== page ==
Stupak, who is staunchly anti-abortion rights, led a group of like-minded House Democrats in negotiating a deal with the White House on the issue of federal funding for abortion which allowed congressional Democrats to secure sufficient votes to pass the legislation. His prominent role in the health care debate coupled with his ultimate decision to support a bill which many Republicans and conservatives read as potentially allowing federal funding of abortion made Stupak a top target of the Tea Party movement - so much so that a Tea Party group was rallying in his congressional district earlier this week.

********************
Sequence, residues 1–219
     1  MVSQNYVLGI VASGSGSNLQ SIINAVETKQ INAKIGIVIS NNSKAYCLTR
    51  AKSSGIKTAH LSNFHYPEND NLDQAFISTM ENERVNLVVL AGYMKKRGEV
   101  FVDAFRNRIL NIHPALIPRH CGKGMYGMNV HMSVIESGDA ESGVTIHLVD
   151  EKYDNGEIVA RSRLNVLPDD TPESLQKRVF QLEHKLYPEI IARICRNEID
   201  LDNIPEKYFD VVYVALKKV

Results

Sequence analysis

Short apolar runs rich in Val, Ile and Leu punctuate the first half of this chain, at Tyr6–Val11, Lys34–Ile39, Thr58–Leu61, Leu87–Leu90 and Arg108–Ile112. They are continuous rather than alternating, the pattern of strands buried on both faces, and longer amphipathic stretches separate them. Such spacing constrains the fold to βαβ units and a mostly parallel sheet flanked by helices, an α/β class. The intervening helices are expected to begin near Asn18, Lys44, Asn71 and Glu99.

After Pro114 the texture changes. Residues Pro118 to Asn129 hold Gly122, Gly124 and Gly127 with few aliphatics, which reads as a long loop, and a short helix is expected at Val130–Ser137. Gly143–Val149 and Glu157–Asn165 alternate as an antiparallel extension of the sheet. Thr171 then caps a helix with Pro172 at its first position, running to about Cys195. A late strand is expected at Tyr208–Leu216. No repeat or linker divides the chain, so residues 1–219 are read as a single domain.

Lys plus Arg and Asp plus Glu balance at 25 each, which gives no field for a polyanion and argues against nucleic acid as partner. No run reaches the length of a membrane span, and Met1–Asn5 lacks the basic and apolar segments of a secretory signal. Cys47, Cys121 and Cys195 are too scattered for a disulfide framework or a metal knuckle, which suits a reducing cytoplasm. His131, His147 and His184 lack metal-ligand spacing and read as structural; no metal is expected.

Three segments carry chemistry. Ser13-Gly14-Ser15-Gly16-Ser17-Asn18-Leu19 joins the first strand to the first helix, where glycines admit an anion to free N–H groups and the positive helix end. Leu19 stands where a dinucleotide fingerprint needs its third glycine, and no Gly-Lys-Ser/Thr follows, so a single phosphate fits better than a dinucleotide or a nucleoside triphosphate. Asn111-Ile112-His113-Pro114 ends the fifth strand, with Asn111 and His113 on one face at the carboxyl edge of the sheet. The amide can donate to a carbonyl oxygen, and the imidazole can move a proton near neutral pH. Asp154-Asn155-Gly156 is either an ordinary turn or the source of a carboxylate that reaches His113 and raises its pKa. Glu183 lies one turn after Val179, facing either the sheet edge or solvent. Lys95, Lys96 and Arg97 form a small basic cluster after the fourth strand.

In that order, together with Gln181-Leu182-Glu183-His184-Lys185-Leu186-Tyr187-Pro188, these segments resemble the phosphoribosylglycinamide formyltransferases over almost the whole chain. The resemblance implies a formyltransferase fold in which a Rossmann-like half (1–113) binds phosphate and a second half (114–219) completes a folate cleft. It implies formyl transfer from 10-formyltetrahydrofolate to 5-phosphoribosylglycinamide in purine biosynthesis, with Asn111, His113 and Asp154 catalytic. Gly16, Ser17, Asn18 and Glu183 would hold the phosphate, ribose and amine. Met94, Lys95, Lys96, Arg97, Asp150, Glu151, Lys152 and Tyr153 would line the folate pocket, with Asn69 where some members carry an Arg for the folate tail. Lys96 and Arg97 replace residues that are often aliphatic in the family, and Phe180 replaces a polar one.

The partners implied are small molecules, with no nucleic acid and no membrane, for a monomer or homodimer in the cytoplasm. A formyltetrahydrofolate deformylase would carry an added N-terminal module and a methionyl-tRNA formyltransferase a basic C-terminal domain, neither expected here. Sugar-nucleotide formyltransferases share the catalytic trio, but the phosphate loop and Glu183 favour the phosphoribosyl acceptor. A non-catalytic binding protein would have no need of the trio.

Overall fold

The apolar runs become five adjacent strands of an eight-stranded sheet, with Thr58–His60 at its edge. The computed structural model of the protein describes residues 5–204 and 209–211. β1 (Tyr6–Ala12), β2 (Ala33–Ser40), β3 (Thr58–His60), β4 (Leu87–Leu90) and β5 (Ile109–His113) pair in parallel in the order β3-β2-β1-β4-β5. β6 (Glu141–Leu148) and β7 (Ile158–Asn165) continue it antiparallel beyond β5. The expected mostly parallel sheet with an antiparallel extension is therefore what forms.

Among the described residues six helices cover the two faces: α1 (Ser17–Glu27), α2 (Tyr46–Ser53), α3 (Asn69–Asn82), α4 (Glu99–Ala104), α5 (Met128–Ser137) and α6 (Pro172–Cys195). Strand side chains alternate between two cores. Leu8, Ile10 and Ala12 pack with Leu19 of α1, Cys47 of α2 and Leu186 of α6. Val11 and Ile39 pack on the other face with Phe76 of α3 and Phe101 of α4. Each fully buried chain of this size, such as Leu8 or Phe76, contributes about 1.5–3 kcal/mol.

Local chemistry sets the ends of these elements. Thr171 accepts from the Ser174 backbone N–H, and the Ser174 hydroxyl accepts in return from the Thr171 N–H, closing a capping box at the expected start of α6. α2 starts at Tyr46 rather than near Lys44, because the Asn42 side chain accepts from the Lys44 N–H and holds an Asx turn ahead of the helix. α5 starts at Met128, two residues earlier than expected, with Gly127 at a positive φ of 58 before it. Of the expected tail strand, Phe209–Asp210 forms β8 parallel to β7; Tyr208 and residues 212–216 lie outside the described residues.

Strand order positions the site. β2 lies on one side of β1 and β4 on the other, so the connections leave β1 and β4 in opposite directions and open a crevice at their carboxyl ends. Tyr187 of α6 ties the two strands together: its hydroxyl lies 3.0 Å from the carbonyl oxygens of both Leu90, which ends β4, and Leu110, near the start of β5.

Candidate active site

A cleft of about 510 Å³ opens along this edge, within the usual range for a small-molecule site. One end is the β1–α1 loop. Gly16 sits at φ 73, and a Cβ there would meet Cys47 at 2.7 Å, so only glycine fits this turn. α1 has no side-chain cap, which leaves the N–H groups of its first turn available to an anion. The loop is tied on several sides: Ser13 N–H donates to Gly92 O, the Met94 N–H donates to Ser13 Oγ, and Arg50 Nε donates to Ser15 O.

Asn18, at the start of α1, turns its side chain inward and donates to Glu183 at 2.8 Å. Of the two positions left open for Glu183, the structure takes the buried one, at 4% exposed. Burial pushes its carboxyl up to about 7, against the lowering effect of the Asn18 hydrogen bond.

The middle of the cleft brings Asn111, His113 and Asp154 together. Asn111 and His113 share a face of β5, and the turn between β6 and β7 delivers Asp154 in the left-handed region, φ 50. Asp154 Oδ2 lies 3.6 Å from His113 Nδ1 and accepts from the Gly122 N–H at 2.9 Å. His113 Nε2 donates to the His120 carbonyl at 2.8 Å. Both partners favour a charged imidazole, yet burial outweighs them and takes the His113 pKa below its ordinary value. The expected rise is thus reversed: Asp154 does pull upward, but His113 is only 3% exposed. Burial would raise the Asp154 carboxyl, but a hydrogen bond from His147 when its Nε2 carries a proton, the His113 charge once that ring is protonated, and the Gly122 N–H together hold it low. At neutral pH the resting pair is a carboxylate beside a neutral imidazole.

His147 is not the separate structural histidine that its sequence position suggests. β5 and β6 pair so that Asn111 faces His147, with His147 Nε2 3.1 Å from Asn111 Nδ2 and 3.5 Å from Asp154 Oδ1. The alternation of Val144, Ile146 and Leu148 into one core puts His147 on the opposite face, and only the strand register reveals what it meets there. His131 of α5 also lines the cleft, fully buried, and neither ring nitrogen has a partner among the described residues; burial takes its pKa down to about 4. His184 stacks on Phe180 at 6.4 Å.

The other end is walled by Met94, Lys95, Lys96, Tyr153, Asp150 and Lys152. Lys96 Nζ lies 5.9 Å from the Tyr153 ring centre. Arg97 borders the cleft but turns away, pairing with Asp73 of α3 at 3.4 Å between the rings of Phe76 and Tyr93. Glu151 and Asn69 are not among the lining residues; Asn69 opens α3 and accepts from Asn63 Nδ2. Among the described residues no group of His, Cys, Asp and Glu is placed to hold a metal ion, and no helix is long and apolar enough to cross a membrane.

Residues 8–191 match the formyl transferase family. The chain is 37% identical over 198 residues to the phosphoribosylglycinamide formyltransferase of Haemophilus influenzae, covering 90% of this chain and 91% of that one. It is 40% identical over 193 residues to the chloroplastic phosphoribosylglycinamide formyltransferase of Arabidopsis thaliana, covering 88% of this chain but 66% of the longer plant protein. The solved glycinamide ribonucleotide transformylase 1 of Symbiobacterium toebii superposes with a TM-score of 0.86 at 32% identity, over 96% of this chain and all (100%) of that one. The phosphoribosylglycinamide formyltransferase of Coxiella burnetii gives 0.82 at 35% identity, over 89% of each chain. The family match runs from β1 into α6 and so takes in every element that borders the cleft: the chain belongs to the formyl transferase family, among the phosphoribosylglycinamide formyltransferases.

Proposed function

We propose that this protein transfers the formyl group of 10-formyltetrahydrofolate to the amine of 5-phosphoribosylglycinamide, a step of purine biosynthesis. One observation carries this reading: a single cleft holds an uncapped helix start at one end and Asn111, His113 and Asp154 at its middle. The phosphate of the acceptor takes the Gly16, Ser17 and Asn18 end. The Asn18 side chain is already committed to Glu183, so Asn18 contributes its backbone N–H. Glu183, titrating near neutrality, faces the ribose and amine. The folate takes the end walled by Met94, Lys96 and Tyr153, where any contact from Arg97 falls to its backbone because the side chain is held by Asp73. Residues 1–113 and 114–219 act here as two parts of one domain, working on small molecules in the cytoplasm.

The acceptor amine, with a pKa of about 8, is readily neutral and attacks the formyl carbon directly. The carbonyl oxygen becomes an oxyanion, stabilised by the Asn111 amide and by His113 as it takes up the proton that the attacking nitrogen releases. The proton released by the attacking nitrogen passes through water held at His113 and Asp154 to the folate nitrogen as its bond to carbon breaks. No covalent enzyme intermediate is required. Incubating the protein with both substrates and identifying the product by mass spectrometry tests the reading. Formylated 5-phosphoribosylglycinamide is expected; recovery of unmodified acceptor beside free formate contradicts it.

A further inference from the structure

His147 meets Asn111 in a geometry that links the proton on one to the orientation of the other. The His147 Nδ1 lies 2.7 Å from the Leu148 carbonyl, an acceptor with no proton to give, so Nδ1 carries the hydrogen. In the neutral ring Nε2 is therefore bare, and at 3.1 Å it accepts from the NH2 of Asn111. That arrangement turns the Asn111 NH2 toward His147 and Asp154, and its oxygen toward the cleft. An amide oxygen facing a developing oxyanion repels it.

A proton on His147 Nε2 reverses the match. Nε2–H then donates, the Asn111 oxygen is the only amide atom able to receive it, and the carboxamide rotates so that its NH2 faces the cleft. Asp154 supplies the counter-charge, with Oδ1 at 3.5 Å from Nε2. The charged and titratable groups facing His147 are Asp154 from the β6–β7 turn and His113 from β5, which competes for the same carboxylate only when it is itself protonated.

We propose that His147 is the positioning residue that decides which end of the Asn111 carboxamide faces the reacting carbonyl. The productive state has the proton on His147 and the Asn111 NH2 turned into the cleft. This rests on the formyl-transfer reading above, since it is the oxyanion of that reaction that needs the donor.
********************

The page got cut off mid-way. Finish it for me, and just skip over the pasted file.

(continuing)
But, in his first one-on-one interview after announcing his decision to retire, Stupak told CNN that he is confident he would have won re-election later this year. And he suggested that many of the Tea Party activists who oppose him are strangers to his congressional district
"This district is independent," Stupak told CNN Senior Congressional Correspondent Dana Bash. "It's one-third independents, one-third Democrats, one-third Republicans. You have groups come and ago."
He added, "I got along with these folks. And even if they were from my district, they're my friends. And, there's no doubt in my mind, I'd win re-election if I chose to run again. I've chose not to."
Stupak was elected to Congress in 1992 and said Friday that he had decided not run for another term because he had fulfilled one of his original campaign promises from 18 years ago – passage of a comprehensive health care reform bill.